Andrew Cohen considers himself lucky— he had a job throughout the recession and his household income now tops $100,000 a year. Yet when he turns on the news and hears President Obama touting a strong and improving economy, he doesn't buy it.
Cohen lives just outside of Cincinnati in northern Kentucky with his wife and two young children. His income from working as a client service manager administering employee benefit plans puts him at more than twice the annual U.S. median income of $53,046.
But he worries.
“On a regular basis,” said Cohen, “I feel concerned about my job security.”
The president is spending more and more of his time of late challenging those doubts, trying to boost consumer confidence and, of course, his party’s prospects in what is expected to be a difficult midterm election year.
“There’s almost no economic measure by which we are not better off now than we were when I took office,” Obama said at a recent Dallas fundraiser. “We are indisputably better than when I was elected.”
With five consecutive months of job growth over 200,000, Obama finally has a basketful of better statistics to support his cheerleading. According to the Bureau of Labor Statistics, employers added 288,000 jobs in June, and the unemployment rate dropped to 6.1 percent, the lowest rate since September 2008. Financial markets—and investors’ 401(K)s —have also had a good run.
But for many Americans—even Obama supporters like Cohen—the psychology of the economy trumps the statistics.
“When I think about the future, and what I can do to put myself in safe waters, it’s hard for me to figure that out,” said Cohen. “In my mind, it’s relatively bleak.”
Disappointment and disgust with Washington dysfunction also makes it harder for the president to break through.
Years of unfulfilled promises have taken their toll on the public’s perception of the federal government, said economist Douglas Holtz-Eakin, president of the American Action Forum.
“[The American people] have been told that everything creates jobs and they no longer believe anything. So when the president says, ‘I’ll do X, Y, or Z and it will create jobs,’ people just tune it out. They’ve heard that all too much,” said Holtz-Eakin, who formerly served as director of the Congressional Budget Office and chief economist of the Council of Economic Advisers under George W. Bush.
To be sure, economic confidence is up from the worst of the recession, but it’s not growing as quickly as the economy itself according to Gallup's U.S. Economic Confidence Index, which measures Americans' views of the current economic situation and their perceptions of its future direction. Gallup’s latest finding showed economic confidence dipping slightly in June to -15 from -14 the previous month. For most of 2014, the index has mostly flat lined, hovering around -15.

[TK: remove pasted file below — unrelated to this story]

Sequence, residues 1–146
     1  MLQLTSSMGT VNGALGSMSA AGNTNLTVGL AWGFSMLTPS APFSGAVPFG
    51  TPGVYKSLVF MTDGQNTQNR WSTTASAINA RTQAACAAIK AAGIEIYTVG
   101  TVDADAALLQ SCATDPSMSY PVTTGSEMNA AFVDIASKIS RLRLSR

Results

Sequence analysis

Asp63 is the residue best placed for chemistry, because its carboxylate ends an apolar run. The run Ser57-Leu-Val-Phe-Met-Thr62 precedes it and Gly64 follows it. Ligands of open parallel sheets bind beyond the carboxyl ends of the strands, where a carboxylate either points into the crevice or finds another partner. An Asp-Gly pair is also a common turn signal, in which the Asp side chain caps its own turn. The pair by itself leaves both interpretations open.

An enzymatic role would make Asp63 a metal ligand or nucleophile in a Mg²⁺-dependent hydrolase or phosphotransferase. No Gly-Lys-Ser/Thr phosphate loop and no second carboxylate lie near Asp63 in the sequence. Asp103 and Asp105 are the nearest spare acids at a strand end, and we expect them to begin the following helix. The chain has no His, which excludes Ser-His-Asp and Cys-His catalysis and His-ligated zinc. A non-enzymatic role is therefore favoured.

Margie Omero, managing director of Purple Insights at Purple Strategies, a bipartisan public affairs firm, says Americans acknowledge things have come back considerably from the 2008 crash but many are still holding back.
“They don’t want to be too optimistic quite yet,” Omero said. “People are being self-protective, making sure their family feels safe and secure should the recovery take longer than expected or should things become more volatile again.”
Cohen is a case study of that caution—more inclined to save, when possible, than go on shopping sprees.
“I think people are scared to death that they might lose their job and need that money for other things,” said Cohen. “Most of my coworkers are concerned.”
Holtz-Eakin says some of President Obama’s challenge is rooted in history.
“Coming out of a recession,” he said, “it always takes a while for people to regain confidence.”
But he also sees a policy disconnect. “[President Obama] is not on the same page with the vast majority of Americans on what will work,” argues Holtz-Eakin.
His advice? “Change the playbook.”
Holtz-Eakin’s two cents: “People have lost faith in the kinds of policies that keep getting proposed. Stop focusing on temporary policies that are targeted on particulars, like ‘manufacturing this or stimulus that.’ Place your focus on some fundamental reforms like tax reform, like big entitlement reforms that make Medicare and Medicaid sustainable over the long term and control the debt so that people have some confidence about the future.”
At this point, though, it’s really not clear whether any policy proposals can dent the shell of protective pessimism that voters like Cohen have built around themselves. Even the undisputed fact that the economy added well over a million jobs in the first half of the year isn’t really getting through.
“Obviously, a president has to project optimism. It’s his responsibility to talk up the economy,” Cohen said. His bottom line, despite the statistics: “I don’t feel that the job market is getting better. That’s rhetoric.”
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